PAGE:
Welcome to my blog.  This is my first official posting.  The conflicting voices in the farm/food space leave the average person baffled, frustrated, and decisionally paralyzed.  My goal in this blog, which I will attempt to write daily as a short post, is to coach you to a better understanding of food and farm issues.

My vision is to create a network of folks who don't want to go to bed at night until they've had their shot of musings.  Since I come to the conversation as a real entrepreneurial taxpaying for-profit farmer, my perspective tends to be unique and, I hope, helpful.  NGOs, government agents, and farmers with off-farm wealth have their slant on things and often have big platforms.  I want to bring a Christian libertarian environmentalist capitalist lunatic approach to the conversation.

I don't expect you to agree with me on everything.  Sometimes I'll sound like a raving socialist; other times you'll think I'm an anarchist.  Regardless, I'm honored to be invited into your life and will do all I can to encourage sanity and truth in the farm/food space.

Yesterday I did some town errands and heard both Dr. Sanje Gupta, CNN's chief medical guru, and Clark Howard, radio talk show financial advisor, extol the virtues of frozen fruits and vegetables over fresh options.  Apparently things are abuzz over a recent research project from UC Davis comparing the nutritional content of frozen versus fresh fruits and vegetables and concluded both the same.  Since frozen are cheaper, the gurus are encouraging folks to buy frozen.

Like all Greco-Roman western reductionist systemitized compartmentalized linear disconnected parts-oriented scientific inquiry, this study failed to address many important nuances.  It compared industrial food to industrial food--neither one is worth eating.  It did not compare home-grown and home-frozen to supermarket industrial fresh or frozen.  The study assumed everyone gets their food at the industrial supermarket.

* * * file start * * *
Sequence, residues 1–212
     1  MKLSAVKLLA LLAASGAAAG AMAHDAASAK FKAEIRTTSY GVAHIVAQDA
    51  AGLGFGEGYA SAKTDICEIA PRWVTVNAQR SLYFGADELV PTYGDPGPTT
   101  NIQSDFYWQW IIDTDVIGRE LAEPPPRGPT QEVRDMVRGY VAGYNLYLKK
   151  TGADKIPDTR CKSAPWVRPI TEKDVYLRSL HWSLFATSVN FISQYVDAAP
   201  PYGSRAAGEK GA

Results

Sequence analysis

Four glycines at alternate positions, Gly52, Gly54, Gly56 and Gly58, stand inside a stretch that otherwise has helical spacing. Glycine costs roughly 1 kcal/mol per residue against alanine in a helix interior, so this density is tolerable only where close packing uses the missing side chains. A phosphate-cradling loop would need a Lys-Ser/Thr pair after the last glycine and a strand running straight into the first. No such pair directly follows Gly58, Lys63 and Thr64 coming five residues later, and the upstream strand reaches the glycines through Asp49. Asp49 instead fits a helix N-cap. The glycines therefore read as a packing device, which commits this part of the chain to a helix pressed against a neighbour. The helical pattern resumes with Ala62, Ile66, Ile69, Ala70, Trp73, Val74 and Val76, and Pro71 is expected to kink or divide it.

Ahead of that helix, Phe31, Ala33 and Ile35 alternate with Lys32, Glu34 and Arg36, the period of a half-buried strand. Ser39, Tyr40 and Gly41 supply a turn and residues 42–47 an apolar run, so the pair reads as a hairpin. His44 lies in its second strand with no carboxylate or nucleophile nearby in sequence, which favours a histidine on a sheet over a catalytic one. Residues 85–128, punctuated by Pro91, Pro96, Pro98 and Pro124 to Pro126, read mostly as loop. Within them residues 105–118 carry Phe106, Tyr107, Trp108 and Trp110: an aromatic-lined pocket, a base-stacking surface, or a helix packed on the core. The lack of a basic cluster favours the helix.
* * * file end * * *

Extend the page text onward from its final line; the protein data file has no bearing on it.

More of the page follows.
It did not measure the energy footprint of processing, bagging, and freezing.  It didn't measure the cost of throwing away the packaging.  It certainly did not look at anything like alternative compost-grown foods.  That would not be within the scope of the study.  And therein lies the pitfall.  Science is actually quite limited inasmuch as it has to study only narrow things.  But because we worship science as God, thousands of Americans ran out today and bought frozen veggies because "science says so."

I'm not disputing the findings; I'm only suggesting that lots of other things surround this issue but for most people, the takeaway is to eat supermarket frozen veggies.  That gets the thumbs up.  Not farmers' markets.  Not backyard gardens.  Not your neighbor's farmstand.  The result of this research is another plug, subtle at least and aggressive at worst, for industrial processed food.  The research is limited by the questions that get asked.  And the media doesn't ask any questions; it just dutifully parrots the myopic research. 

So what question would you like asked?